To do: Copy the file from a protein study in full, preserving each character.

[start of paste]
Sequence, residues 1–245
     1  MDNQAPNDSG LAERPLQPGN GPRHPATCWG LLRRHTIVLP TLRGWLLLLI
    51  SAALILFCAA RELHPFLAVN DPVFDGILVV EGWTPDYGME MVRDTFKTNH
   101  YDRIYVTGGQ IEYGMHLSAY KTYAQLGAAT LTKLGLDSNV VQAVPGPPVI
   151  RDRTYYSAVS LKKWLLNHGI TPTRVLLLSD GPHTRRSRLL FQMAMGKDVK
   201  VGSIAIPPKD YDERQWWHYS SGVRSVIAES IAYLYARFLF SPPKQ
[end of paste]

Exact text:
Sequence, residues 1–245
     1  MDNQAPNDSG LAERPLQPGN GPRHPATCWG LLRRHTIVLP TLRGWLLLLI
    51  SAALILFCAA RELHPFLAVN DPVFDGILVV EGWTPDYGME MVRDTFKTNH
   101  YDRIYVTGGQ IEYGMHLSAY KTYAQLGAAT LTKLGLDSNV VQAVPGPPVI
   151  RDRTYYSAVS LKKWLLNHGI TPTRVLLLSD GPHTRRSRLL FQMAMGKDVK
   201  VGSIAIPPKD YDERQWWHYS SGVRSVIAES IAYLYARFLF SPPKQ